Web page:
I was especially eager to go to the farmers market after being inspired by what the students at Mission High school (where I volunteer) made in class. The high school has a nutrition and leadership program, where the students learn healthy cooking and eating skills, teach their peers, celebrate cultural recipes, and tend to their school garden. The students harvest fresh fruits, vegetables, herbs, and flowers to use in the cooking portion of the class. Every week, they make something impressive and extraordinary. I certainly did not learn about kale or romanesco in my Home Ec class nor did I grow up eating these foods. Last week, the students made strawberry short cake using whole wheat flour, homemade whip cream, and just picked strawberries. They also made a stunningly beautiful Three Pea Radish Salad, which I couldn’t resist Instagramming. Actually, I was not the only one, the teacher and other students also whipped out their cell phones to take pictures of the beautiful food.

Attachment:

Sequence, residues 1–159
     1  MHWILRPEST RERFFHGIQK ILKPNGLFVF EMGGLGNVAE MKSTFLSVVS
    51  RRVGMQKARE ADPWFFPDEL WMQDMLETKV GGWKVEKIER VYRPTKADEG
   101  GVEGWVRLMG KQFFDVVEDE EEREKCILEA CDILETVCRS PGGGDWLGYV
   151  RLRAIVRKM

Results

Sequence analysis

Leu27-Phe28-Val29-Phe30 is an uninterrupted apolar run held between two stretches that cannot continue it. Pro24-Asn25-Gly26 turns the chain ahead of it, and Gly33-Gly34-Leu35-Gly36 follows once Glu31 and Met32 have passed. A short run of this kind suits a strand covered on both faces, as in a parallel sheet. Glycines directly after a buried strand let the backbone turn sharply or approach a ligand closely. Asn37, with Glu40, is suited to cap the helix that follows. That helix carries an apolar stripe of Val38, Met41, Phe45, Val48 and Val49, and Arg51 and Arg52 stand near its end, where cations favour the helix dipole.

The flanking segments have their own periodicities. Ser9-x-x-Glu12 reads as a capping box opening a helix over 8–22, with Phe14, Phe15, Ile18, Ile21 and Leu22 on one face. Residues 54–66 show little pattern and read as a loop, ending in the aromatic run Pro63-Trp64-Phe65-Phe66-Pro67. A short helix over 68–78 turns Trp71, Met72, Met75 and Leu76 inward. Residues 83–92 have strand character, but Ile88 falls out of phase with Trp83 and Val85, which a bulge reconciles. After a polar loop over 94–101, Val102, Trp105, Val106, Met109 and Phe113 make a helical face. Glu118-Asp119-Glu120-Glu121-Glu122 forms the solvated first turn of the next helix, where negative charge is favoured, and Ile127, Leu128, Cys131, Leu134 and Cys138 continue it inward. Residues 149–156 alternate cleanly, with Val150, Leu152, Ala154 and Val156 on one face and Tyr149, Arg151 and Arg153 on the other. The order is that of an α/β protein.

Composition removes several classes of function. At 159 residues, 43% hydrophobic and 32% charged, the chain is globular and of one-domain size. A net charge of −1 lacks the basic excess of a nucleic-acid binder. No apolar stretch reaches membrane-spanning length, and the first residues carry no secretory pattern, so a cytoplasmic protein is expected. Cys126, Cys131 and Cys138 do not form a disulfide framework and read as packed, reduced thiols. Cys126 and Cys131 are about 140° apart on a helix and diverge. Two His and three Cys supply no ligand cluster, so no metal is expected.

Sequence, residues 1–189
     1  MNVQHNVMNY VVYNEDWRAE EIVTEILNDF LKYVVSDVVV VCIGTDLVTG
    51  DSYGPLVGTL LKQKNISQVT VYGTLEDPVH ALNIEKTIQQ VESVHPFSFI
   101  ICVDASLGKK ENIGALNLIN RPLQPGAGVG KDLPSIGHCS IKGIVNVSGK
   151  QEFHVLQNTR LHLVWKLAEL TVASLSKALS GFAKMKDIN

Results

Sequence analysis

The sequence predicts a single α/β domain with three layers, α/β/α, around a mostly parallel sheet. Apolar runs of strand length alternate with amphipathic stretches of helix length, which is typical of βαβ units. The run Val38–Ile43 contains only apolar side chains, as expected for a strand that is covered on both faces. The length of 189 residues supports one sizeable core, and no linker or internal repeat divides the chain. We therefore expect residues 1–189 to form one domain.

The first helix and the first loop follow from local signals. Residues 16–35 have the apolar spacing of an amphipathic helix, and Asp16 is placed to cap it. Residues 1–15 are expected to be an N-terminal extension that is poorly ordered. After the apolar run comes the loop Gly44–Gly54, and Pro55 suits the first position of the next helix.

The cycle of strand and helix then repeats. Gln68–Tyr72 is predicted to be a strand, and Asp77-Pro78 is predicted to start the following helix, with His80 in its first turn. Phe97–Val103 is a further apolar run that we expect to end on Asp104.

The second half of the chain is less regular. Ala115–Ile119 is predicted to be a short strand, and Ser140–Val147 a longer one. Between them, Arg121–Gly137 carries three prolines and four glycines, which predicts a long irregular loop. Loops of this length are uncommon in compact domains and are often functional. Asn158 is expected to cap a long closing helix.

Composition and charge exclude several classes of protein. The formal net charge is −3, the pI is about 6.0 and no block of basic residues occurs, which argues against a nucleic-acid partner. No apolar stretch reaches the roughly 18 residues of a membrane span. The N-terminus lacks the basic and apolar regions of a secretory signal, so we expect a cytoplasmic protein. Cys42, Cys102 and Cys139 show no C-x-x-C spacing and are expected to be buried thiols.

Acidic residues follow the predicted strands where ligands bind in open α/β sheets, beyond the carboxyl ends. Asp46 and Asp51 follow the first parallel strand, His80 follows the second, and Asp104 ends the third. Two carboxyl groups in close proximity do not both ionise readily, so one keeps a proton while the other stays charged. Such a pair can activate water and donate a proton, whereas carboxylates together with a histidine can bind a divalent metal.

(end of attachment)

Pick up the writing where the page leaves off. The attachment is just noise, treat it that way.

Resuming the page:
Pea Salad

After this class, all I wanted to do was rush to a farmers market to pick up these ingredients and make this for dinner.

Mission High School school food
The students made farro with asparagus, arugula, crispy pancetta and herbs along with the pea salad and strawberry short cake.

What did you find at your farmers market?

Farmers Market Finds: A Few Basics

I am participating in San Francisco’s very first food hackathon this entire weekend. Thus, no trip to the farmers market for me. I will have to stock up my fridge with fresh produce tomorrow. I will leave you with a few snaps of veggies and fruits I always keep stocked. Happy Sunday!

20130407-101642.jpg
Tatsoi- is a cross between broccoli and spinach. Tastes amazing steamed and sprinkled with salt and pepper.

20130407-101901.jpg